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Formery Tory MP William Wragg.

Explainer: How the 'honeytrap' sexting scandal has rocked Westminster

A scammer blackmailed a Tory MP into giving him the phone numbers of other political figures by threatening to release ‘compromising’ images and information.

THE ‘HONEYTRAP’ SEXTING scandal has caused chaos in Westminster in recent weeks, it has the MP at the centre of the controversy resign from his party, and another go public about being a victim of scam texts, and “blowing the whistle” to police. 

It’s emerged that a senior Tory MP, William Wragg, gave the phone numbers of his colleagues and associates over to an anonymous person on a dating app, amid personal fears that intimate images of him would be leaked after he was targeted in a sexting scam. 

Scotland Yard is investigating the sexting scam, as 12 men in political circles including serving ministers, MPs, party staffers and journalists received unsolicited messages that raised security concerns. 

The BBC yesterday reported that the Metropolitan Police were first made aware of suspicious messages targeting men at Westminster late last year, but did not warn MPs. 

The BBC said that many of those targeted with unsolicited messages didn’t realise it was happening to others as well until media reports on the sexting scam were published last week. 

Another Conservative MP, Dr Luke Evans, has come forward and said that he was a victim of the sexting scam, and that it was he who first alerted police to the messages. 

In a facebook post six days ago, said that the unsolicited messages came over WhatsApp in the previous month. 

Evans said that initially he received a message with a picture of a naked woman, and that the next day he reported it to the police, the authorities and the Tory chief whip. 

“Ten days later I got another set of messages, this time however, I was sat with my team in the constituency office, so we were able to record the conversation and catch photos and videos of the messages coming through including another explicit female image,” he added. 

Evans went on to say that he was coming forward because he has been “hounded by journalists”, but he would have prefered for the information to remain private. 

“I’m just pleased I blew the whistle, reported it to the authorities and it’s now being looked into,” he went on to say.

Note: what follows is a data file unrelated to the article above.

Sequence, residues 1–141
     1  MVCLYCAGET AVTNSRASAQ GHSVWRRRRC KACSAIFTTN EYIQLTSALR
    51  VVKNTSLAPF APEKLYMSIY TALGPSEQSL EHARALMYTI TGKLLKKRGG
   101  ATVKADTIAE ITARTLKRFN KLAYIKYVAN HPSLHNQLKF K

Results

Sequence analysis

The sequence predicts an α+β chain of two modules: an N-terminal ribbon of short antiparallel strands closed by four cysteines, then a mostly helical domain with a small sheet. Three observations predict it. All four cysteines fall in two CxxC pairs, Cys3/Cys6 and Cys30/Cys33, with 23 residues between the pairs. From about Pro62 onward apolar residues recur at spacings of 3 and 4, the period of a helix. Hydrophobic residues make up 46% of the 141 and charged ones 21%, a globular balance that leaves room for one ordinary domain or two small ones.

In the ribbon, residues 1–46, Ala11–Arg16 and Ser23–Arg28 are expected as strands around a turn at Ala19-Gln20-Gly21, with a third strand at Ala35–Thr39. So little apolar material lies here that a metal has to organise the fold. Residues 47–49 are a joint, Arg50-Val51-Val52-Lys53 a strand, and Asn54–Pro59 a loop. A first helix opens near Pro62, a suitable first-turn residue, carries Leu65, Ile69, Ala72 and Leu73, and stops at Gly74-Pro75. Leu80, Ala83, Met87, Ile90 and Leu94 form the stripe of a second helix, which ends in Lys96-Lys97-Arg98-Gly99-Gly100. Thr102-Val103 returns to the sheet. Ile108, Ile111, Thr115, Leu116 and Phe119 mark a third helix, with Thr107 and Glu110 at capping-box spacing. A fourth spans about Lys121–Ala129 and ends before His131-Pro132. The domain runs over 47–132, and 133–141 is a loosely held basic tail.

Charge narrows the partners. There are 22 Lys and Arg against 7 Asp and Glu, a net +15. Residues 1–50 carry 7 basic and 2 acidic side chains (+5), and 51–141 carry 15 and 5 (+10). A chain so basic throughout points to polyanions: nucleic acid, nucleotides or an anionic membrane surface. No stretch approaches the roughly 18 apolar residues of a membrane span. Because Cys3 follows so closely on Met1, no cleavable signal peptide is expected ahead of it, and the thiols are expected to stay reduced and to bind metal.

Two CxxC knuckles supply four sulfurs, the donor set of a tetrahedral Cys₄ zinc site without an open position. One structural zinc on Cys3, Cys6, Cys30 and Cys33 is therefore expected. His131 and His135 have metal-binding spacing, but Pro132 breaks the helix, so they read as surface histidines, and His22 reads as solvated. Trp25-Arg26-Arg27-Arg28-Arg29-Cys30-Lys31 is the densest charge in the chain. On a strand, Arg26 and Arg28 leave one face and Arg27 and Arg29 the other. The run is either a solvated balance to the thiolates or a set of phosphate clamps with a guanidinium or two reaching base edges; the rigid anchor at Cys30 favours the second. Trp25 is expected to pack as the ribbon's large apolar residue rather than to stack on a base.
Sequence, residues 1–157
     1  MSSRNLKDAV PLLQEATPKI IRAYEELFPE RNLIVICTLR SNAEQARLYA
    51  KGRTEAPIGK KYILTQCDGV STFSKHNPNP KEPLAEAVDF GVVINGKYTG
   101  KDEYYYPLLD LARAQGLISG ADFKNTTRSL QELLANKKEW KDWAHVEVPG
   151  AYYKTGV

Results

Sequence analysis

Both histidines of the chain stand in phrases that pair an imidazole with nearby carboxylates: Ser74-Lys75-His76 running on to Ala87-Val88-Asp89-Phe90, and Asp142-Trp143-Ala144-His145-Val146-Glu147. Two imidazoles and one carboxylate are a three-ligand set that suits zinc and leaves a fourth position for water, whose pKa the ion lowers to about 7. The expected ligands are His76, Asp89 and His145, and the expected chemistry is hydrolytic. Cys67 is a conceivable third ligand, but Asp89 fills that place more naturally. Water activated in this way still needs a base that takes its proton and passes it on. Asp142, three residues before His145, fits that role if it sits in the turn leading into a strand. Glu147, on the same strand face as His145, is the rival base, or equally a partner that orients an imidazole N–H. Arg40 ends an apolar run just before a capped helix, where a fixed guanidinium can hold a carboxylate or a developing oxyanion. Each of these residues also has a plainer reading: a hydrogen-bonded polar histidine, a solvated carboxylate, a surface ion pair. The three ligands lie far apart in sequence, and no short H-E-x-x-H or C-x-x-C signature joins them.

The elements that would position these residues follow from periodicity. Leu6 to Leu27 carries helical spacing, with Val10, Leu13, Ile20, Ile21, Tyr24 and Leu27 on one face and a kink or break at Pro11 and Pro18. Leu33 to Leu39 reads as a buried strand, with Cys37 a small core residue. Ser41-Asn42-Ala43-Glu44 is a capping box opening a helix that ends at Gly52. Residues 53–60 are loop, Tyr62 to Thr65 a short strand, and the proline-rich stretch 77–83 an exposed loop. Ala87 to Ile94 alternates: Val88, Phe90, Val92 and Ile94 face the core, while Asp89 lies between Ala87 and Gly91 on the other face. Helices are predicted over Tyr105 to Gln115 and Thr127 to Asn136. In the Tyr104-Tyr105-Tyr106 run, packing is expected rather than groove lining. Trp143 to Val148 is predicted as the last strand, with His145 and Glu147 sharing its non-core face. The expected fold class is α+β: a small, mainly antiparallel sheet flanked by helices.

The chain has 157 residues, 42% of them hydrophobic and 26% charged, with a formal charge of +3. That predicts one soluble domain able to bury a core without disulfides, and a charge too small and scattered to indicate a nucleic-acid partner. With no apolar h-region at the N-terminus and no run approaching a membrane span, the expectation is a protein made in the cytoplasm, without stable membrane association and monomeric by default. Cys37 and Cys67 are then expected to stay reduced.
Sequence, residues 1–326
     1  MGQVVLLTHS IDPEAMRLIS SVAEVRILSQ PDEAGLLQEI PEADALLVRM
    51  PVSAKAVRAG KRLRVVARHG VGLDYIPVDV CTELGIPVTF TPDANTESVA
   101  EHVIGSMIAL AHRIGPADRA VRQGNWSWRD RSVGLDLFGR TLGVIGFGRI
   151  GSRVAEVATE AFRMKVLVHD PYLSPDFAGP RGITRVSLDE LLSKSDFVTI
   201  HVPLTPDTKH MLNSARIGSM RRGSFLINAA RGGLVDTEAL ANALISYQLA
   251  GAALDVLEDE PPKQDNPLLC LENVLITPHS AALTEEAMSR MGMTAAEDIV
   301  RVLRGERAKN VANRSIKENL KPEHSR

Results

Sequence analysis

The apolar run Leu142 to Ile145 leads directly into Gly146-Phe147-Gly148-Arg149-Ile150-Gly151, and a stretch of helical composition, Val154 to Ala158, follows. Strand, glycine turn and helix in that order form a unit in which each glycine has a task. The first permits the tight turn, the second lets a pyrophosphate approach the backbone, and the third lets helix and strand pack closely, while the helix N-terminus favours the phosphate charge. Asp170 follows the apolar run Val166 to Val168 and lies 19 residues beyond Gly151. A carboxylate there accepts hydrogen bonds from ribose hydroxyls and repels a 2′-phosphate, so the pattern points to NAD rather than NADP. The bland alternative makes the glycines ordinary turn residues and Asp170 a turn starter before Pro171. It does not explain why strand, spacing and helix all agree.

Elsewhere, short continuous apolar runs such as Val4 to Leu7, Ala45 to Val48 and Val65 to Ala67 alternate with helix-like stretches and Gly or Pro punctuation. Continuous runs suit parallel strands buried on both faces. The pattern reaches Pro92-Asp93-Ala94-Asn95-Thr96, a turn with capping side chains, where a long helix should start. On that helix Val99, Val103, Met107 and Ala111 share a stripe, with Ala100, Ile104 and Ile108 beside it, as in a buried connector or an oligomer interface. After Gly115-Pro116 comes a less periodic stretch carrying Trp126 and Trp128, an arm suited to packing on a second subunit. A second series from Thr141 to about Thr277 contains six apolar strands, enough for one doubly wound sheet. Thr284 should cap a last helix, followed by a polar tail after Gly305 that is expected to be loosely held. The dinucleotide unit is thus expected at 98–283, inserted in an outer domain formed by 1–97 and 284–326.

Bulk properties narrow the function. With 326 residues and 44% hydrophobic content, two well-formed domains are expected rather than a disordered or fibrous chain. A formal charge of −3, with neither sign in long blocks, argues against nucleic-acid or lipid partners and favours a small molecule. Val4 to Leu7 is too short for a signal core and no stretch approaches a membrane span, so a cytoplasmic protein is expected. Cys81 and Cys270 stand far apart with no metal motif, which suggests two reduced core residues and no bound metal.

Wragg, the MP who resigned the Tory whip and admitted to handing out the phone numbers of others, told The Times that he was “scared” because the scammer had compromising information on him. 

“They wouldn’t leave me alone. They would ask for people. I gave them some numbers, not all of them. I told him to stop. He’s manipulated me and now I’ve hurt other people,” he said. 

Initially, Wragg got chatting to someone on a dating app, exchanged pictures, and then arranged to go on a drink, which never happened. 

He’s since apologised for his actions and for his “weakness”. 

Last week Politico reported that the scammer who went on to text other political figures would allege that he had already met them, and would pose as someone called either “Charlie” or “Abi”, and they would also send information about the person and campaigns they had worked on. 

The honeytrap sexting scam has been described as “spear phishing”, a type of cyber attack that targets specific groups.

Spear phishing involves scammers pretending to be trusted senders in order to steal personal or sensitive information.

Scammers will often threaten to release compromising information on the person they are targeting if they don’t comply with demands, even in cases where they don’t actually have any information or images. Anyone being targeted and blackmailed in this way can go to the gardaí, as sextortion is a crime. More information is available here. 

Tory Chancellor Jeremy Hunt has praised Wragg’s “courageous” apology, but did not respond to questions on whether the MP was pushed to resign from the Conservative Party. 

He said that the scandal is “very concerning”, and that it is a reminder to MPs and members of the public that they need to be mindful of cybersecurity. 

- Additional reporting from PA.